Is it true that a lot of guitar bodies are constructed from Hard Rock Maple already? Is there something intrinsic to that particular wood that makes it work for both guitars and skateboards?

Guitars have been made with maple forever, so what I am doing is not foreign to the build process. The wood is dense and stiff, which makes it perfect for guitar necks and the weight will add sustain!

How is the process of going from a pile of donated old skateboards to a finished guitar body compartmentalized – how many different stages are there?

It takes about 3 days to get the raw boards to become a usable block of wood. At that point my process is the same as any other guitar builder. I begin cutting, drilling, sanding, etc.

Once the body is done, you finish it with lacquer and then assemble!

Which aspect is the worst?

Taking griptape off is pretty brutal. There are times where my fingers hurt so bad from it that I can’t even play guitar. However, I have sort of learned to enjoy this. This is the most quiet and relaxing stage. I just sit outside and get at it.

Believe it or not, the guitar painting process is the worst stage by far. Many hours are spent to get the mirror-like look you are used to seeing.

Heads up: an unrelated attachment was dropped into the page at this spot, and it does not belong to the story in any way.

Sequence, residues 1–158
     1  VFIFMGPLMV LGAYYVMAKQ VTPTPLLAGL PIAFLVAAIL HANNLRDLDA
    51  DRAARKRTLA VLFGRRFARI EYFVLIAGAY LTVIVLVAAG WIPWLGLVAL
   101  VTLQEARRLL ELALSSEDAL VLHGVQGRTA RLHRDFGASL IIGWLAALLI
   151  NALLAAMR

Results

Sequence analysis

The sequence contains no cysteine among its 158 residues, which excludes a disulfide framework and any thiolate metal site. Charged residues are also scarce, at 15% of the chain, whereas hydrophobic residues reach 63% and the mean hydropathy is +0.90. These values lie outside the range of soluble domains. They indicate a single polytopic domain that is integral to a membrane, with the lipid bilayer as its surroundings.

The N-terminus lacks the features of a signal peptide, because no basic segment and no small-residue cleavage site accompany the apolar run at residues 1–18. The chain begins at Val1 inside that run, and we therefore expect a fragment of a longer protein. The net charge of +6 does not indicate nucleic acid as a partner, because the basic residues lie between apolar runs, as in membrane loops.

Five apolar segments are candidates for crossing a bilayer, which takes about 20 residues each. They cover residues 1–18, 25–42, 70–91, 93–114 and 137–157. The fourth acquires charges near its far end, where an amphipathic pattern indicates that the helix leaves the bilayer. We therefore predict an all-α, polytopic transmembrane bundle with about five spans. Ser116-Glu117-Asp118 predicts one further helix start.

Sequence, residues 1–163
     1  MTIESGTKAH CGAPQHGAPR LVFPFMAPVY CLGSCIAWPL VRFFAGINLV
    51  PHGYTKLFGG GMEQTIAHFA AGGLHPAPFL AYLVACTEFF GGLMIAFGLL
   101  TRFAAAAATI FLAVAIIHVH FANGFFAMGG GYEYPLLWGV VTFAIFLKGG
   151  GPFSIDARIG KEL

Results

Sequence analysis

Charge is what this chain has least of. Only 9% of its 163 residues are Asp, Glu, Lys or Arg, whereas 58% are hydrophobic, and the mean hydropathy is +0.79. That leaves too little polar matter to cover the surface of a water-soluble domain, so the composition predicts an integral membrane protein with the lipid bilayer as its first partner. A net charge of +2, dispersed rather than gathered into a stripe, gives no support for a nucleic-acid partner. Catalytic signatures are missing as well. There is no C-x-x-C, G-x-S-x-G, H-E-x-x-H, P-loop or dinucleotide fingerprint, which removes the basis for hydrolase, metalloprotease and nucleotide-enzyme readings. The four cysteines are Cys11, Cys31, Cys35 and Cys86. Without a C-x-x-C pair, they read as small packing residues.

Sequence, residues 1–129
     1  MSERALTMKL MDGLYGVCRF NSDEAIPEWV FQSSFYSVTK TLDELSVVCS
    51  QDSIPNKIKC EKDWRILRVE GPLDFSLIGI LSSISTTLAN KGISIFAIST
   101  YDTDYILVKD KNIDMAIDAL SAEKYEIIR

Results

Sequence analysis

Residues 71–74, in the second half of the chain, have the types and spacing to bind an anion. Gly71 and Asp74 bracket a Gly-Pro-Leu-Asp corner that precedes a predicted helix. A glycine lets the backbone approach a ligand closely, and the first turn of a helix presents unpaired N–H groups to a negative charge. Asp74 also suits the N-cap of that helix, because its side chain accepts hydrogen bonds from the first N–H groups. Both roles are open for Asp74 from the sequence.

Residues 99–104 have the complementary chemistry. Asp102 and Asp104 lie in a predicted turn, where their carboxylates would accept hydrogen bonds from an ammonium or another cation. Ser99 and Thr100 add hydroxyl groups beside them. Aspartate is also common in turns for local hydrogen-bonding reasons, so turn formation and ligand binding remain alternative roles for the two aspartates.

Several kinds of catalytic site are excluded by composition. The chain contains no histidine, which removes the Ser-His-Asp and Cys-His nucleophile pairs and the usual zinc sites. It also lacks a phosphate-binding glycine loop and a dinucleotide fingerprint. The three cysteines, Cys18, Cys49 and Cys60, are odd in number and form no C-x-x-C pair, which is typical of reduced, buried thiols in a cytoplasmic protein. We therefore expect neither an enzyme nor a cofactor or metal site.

How long does it currently take you to go from the raw material to the finished product? 

All in all, it takes about 20 hours to complete a guitar, but this happens over a month with plenty of other guitars.

How many people currently work at Prisma and how is the workload shared out?

There are four of us. Two of us woodwork and two of us are guitar techs. This helps keep things moving.

Did you meet with any resistance from traditional musicians regarding using recycled boards? Was it viewed as more of a novelty before people actually tried playing the guitars?

Definitely! More so than people viewing my process as a novelty, people looked at my age as a sign of me not being experienced. It’s crazy to think how long it took for traditional people to give me some credit or play anything I built.

Nowadays, our brand and product is better recognized in the industry and I am pretty tight with most of the guitar companies and builders!

How significant is the recycling aspect of what Prisma does from your own perspective? In terms of the overall philosophy of what you do I mean?